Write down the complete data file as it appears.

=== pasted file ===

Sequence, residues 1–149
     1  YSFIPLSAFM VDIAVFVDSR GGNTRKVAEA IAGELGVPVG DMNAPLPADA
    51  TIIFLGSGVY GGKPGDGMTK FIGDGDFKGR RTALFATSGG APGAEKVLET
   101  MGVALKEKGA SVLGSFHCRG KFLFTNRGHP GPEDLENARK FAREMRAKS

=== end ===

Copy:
Sequence, residues 1–149
     1  YSFIPLSAFM VDIAVFVDSR GGNTRKVAEA IAGELGVPVG DMNAPLPADA
    51  TIIFLGSGVY GGKPGDGMTK FIGDGDFKGR RTALFATSGG APGAEKVLET
   101  MGVALKEKGA SVLGSFHCRG KFLFTNRGHP GPEDLENARK FAREMRAKS